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Staff Accomplishments

Real-time process monitor reduces operational downtime

April 2006
Many industrial processes require continuous monitoring and evaluation of liquid streams to prevent unnecessary interruptions and determine appropriate waste handling procedures and disposal pathways. However, monitoring complex, chemically harsh, process liquids and waste streams can be time consuming and costly using traditional grab sampling and laboratory analysis. Operations often are stalled while results are being analyzed, and startup procedures can extend to weeks. Furthermore, conventional methods tend to provide only a sporadic picture of the materials being monitored. A new monitoring system, developed by Pacific Northwest National Laboratory (PNNL) researchers Sam Bryan, Tatiana Levitskaia, Sergei Sinkov and Steve Schlahta, features Raman spectroscopy combined with a Coriolis meter and a conductivity probe to quickly generate real-time data and facilitate a timely response to the dynamic characteristics of a given stream. The components and analytical tools of the new process monitor can be tailored for a variety of complex mixtures in chemically harsh environments, such as pulp and paper processing liquids, electroplating solutions, and radioactive tank wastes. The technology was developed for CH2M HILL Hanford Group, Inc. (CH2M HILL) to provide a chemical species monitor for process evaluation during the retrieval of radioactive salt cake wastes from single-shell tanks. The monitoring data including chemical composition and physical parameters of the waste stream will be used to meet corrosion conformance specifications, minimize unnecessary addition of water, and evaluate the effectiveness of retrieval strategies. "CH2M HILL has identified the process monitor as their baseline technology, scheduling multiple deployments starting in FY 2007 for the S tank farm retrieval," according to Project Manager Steve Schlahta. Workers at the tank farm will use the information provided by the monitoring system in various ways:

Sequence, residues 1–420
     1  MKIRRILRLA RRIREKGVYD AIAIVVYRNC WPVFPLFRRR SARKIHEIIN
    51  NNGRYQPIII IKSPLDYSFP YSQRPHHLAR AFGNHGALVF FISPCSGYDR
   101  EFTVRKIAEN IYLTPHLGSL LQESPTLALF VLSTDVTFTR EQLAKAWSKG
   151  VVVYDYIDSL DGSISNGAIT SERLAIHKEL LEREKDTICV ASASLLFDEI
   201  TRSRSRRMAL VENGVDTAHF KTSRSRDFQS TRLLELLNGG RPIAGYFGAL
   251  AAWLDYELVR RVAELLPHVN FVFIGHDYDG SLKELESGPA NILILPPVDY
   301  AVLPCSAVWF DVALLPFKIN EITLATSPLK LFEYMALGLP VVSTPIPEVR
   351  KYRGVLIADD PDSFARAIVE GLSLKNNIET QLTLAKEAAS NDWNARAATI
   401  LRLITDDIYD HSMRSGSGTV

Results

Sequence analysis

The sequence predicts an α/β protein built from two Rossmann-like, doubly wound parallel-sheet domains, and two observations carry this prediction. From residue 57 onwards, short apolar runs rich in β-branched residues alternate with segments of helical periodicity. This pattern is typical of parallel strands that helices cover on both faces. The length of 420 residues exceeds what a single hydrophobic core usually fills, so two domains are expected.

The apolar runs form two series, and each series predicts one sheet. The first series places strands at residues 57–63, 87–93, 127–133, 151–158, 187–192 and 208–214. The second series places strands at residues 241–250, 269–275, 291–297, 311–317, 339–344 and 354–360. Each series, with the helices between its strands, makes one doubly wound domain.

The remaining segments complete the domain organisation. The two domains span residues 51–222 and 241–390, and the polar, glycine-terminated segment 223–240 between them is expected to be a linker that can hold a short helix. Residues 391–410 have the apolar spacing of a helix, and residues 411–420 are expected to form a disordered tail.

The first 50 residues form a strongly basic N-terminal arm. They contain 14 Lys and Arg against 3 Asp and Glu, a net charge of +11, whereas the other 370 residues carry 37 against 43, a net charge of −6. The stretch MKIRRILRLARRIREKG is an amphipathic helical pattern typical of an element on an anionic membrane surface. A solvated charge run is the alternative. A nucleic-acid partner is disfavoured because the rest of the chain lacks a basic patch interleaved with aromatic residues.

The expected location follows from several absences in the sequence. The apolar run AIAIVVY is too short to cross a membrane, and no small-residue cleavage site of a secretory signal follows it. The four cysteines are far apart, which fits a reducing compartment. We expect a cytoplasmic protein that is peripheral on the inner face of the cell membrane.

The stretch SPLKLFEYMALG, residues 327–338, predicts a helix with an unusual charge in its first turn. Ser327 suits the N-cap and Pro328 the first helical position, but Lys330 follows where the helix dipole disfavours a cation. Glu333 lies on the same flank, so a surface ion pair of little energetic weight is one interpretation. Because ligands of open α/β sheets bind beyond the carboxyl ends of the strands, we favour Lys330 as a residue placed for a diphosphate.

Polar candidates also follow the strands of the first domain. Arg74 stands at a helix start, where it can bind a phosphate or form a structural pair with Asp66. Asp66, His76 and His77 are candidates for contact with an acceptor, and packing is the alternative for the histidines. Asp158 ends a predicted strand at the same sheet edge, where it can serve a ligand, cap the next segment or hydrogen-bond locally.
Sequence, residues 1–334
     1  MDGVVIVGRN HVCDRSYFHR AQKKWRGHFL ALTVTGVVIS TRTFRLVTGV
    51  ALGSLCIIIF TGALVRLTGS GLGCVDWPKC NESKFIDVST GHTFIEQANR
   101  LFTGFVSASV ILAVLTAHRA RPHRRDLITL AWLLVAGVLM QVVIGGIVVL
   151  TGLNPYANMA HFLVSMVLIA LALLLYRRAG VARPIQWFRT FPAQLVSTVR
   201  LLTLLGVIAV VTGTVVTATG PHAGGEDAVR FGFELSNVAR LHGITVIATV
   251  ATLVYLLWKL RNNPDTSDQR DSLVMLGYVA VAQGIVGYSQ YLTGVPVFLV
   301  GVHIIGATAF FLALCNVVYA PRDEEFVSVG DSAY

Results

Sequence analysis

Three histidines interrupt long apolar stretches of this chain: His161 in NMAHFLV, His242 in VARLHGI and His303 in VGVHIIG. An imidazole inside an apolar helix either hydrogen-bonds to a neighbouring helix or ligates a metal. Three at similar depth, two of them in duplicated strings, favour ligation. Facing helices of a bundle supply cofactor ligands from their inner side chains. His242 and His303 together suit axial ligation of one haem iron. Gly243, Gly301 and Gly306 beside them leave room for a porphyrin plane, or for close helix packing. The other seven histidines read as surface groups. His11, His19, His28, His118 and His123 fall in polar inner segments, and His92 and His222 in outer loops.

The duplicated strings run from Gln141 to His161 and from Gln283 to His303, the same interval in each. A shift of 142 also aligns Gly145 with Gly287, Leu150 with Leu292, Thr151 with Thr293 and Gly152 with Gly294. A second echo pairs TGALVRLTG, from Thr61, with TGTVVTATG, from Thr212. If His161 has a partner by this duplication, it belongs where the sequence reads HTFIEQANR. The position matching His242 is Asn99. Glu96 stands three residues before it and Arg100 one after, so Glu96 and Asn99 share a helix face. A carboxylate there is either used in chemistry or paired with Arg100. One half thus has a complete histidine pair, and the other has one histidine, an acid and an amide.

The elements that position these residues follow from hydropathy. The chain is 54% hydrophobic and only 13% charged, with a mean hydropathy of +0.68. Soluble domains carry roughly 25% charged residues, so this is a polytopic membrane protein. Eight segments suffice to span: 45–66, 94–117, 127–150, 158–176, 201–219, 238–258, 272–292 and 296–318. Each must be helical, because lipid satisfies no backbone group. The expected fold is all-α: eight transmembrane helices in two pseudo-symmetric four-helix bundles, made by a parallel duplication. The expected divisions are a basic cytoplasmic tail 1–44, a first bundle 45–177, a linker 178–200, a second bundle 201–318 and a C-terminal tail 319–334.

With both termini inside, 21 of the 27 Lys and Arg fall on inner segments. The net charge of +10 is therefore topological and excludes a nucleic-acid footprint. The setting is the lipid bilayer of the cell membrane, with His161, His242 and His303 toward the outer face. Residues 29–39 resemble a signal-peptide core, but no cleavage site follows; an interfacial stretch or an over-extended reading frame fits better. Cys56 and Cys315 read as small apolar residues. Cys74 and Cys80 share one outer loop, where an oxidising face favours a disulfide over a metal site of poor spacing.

• Make sure the waste added to the double-shell tanks from the single-shell tanks conforms to corrosion specifications
  • Minimize the unnecessary addition of water to prevent saturation of sodium nitrate and sodium phosphate in the brine
  • Evaluate the effectiveness of retrieval strategies.
In developing the new monitor, the research team performed calibration and performance testing on the system to qualitatively and quantitatively measure the concentration of sodium salts over the concentration ranges anticipated during waste retrieval from Tank S-109. The team independently measured sodium concentration (based on density/conductivity) and the specific salts (based on Raman spectroscopy). In addition, the team tested the effects of temperature, flow rate, bubbles and solids, and analyte matrix dependence. The effort also included close coordination with CH2M HILL's S-109 Partial Waste Retrieval Project so that the design and associated documentation were suitable for incorporating the process into the S-109 retrieval system. Two significant tests were successfully completed: a system acceptance test and a manifold validation test. The acceptance test verified that the actual measurement accuracy for each analyte of interest met the expected accuracy as predicted by the chemometric model. The manifold validation test showed that the chemical species monitor, once integrated into the larger system would operate as intended. For more information, contact Walter Weimer, Process and Measurement Science Product Line Manager.

Page 814 of 1046

Energy and Environment

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